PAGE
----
Hasan was transferred Friday to Brooke Army Medical Center in San Antonio, about 150 miles southwest of Fort Hood. Army officials late Friday gave no indication of his condition except to say he was "not able to converse."
Some who knew Hasan said he may have been struggling with a pending deployment to Afghanistan and faced pressure in his work with distressed soldiers, although authorities still did not have a motive.
Hasan's Palestinian uncle said his nephew loved America and wanted to serve his country.
Rafik Hamad, 64, told the Associated Press in the West Bank town of El-Bireh that Hasan had been harassed by other soldiers because of his Muslim faith but that he was not angry.
"He really wasn't angry ... I felt that he feels sympathy for them because they are ignorant and that's their level of understanding," Hamad said.
Fort Hood spokesman Col. John Rossi said that the assailant fired more than 100 rounds and that his weapons were not military arms, but "privately owned weapons ... purchased locally."
Shock over the shootings persisted into Friday night, when hundreds attended a candlelight vigil in the first formal community gathering since the killings. Earlier in the day, a moment of silence was held at U.S. military installations as a show of respect for the victims, and 13 flag-draped coffins departed from Fort Hood for Dover Air Force Base and the military's mortuary based in Delaware.
At the vigil, husbands wrapped their arms around their wives, babies cried and old men in wheelchairs bowed their heads during the service at a post stadium. The crowd sang "God Bless America" and "Amazing Grace" in the bleachers under the stadium lights. After about 20 minutes, the stadium went dark, the only light from camera flashes and surrounding buildings in the distance as candles were passed around the bleachers.
It was a tough night for Maj. Dan Walker, 34, who returned from Kuwait in June, his third deployment overseas.
"I've been to a lot of these in my career," Walker said as he walked through the dark parking lot after the service. "They definitely don't get any easier, and this one is probably one of the toughest ones just because it came so close to home.
"When you go to war, you expect it and understand it," he added. "But this is different. When you come home, you try to relax and live as normal a life as possible. You don't expect this."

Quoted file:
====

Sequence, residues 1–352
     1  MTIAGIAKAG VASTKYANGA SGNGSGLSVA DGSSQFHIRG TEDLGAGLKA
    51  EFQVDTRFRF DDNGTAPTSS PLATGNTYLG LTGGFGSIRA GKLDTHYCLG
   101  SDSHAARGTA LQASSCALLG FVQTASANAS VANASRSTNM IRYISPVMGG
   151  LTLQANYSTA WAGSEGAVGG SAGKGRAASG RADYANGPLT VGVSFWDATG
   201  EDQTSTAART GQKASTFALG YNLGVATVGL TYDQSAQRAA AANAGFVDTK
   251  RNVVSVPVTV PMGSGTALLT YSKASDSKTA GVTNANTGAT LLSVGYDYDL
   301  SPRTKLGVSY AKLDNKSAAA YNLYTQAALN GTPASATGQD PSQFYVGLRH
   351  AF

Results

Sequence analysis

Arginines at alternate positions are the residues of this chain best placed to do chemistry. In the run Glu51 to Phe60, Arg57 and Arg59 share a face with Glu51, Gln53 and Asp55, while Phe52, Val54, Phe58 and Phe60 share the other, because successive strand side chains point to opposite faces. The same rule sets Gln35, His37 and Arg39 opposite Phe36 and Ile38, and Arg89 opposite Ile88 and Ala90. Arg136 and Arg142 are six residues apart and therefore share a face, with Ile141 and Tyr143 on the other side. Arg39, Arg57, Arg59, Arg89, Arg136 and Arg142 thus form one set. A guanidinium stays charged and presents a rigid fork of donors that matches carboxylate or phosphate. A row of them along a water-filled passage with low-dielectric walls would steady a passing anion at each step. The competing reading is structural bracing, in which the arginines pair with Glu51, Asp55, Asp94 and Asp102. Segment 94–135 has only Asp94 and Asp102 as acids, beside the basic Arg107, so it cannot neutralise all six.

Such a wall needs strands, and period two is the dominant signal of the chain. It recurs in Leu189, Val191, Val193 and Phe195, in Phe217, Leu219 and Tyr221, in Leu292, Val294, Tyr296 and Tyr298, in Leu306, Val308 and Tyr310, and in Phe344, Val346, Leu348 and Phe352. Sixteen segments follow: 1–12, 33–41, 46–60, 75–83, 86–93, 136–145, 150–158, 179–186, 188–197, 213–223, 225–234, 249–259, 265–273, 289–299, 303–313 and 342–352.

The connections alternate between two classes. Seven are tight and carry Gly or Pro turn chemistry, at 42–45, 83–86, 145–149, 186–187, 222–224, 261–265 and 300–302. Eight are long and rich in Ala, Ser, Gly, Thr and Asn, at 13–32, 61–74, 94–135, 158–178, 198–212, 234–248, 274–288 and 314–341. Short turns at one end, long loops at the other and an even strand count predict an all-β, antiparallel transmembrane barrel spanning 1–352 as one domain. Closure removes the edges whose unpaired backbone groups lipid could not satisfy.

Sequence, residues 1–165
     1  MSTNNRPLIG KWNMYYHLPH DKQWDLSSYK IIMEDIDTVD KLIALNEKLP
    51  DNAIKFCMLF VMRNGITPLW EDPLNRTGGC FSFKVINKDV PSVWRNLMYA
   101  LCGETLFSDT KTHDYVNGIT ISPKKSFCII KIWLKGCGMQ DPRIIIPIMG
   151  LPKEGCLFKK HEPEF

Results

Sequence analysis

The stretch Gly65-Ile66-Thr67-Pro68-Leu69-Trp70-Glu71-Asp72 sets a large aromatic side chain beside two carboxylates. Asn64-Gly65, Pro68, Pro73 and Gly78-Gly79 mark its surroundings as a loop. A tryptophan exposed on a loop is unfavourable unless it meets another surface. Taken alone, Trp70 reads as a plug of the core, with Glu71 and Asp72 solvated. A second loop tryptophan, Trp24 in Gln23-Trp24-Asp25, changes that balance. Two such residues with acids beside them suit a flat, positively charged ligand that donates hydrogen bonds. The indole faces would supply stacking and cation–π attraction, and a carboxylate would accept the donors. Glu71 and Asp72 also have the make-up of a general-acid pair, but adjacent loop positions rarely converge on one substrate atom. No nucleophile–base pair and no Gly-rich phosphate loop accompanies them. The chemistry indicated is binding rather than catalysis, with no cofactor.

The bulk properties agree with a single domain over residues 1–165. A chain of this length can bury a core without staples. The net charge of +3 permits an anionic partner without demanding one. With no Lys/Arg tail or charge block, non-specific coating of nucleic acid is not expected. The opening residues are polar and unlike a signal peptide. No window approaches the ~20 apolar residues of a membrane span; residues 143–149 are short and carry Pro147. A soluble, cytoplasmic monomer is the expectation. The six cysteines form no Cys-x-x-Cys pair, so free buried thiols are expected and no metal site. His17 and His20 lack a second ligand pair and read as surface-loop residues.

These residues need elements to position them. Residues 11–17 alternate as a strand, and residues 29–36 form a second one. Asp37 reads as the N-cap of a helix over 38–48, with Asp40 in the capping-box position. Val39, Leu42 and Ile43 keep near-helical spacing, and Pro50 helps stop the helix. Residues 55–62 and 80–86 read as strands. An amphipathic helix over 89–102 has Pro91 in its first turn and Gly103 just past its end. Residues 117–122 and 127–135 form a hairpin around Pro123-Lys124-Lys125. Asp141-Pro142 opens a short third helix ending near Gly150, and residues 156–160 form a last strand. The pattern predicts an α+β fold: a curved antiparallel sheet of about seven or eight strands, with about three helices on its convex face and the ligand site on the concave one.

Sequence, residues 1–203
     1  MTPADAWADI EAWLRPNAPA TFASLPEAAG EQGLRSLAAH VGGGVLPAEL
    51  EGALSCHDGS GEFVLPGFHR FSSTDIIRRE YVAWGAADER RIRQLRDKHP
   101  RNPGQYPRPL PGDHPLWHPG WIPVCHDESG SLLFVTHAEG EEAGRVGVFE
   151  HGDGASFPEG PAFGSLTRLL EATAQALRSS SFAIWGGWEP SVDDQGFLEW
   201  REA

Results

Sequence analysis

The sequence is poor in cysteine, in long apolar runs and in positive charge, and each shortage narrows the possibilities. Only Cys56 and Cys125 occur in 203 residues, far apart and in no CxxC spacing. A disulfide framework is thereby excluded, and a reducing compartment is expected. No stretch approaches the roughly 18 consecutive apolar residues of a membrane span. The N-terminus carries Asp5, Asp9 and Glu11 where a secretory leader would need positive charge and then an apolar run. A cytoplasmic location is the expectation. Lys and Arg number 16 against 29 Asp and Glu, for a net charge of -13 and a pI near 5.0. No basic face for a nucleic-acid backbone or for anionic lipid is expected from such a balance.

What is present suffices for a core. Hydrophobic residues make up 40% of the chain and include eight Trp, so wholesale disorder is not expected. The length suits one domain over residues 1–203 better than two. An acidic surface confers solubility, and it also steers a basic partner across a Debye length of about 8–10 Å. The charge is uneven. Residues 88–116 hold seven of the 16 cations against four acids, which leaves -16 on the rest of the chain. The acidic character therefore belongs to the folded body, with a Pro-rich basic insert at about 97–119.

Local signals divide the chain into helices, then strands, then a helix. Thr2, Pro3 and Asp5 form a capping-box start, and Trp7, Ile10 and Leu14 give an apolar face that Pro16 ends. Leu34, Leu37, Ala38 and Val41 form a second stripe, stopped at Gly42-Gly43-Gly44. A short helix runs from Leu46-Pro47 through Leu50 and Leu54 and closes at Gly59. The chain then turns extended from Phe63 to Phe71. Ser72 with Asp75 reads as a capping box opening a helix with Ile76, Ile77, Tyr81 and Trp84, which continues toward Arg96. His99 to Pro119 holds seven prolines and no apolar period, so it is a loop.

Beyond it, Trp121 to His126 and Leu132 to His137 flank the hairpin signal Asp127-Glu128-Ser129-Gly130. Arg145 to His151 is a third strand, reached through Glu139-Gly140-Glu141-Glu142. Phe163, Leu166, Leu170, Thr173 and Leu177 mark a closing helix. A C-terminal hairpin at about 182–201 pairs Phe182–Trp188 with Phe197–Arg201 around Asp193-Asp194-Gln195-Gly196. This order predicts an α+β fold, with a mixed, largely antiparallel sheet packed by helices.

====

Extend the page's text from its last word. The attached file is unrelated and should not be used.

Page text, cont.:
Among the victims were Francheska Velez, 21, of Chicago, who was pregnant and preparing to return home. Family members said Velez had recently returned from deployment in Iraq and had sought a lifelong career in the Army.
Sgt. Amy Krueger, 29, of Kiel, Wis., joined the Army after the 2001 terrorist attacks and had vowed to take on Osama bin Laden, her mother, Jeri Krueger said. Amy Krueger arrived at Fort Hood on Tuesday and was scheduled to be sent to Afghanistan in December, her mother told the Herald Times Reporter of Manitowoc.
Pfc. Michael Pearson, 21, of the Chicago suburb of Bolingbrook, Ill., quit what he figured was a dead-end furniture company job to join the military about a year ago. Pearson's mother, Sheryll Pearson, said he joined the military because he was eager to serve his country and broaden his horizons.
Michael Grant Cahill, a 62-year-old physician assistant, suffered a heart attack two weeks ago and returned to work at the post as a civilian employee after taking just one week off for recovery, said his daughter Keely Vanacker.
Cahill, of Cameron, Texas, helped treat soldiers returning from tours of duty or preparing for deployment. Often, Vanacker said, Cahill would walk young soldiers where they needed to go, just to make sure they got the right treatment.
"He loved his patients, and his patients loved him," said Vanacker, 33, the oldest of Cahill's three adult children. "He just felt his job was important."
Associated Press writers Caryn Rousseau in Bolingbrook, Ill., Robert Imrie in Wausau, Wis., Monica Rhor in Houston, Sophia Tareen, Michael Tarm and Amy Shafer in Chicago, and Dalia Nammari in El-Bireh in the West Bank contributed to this report.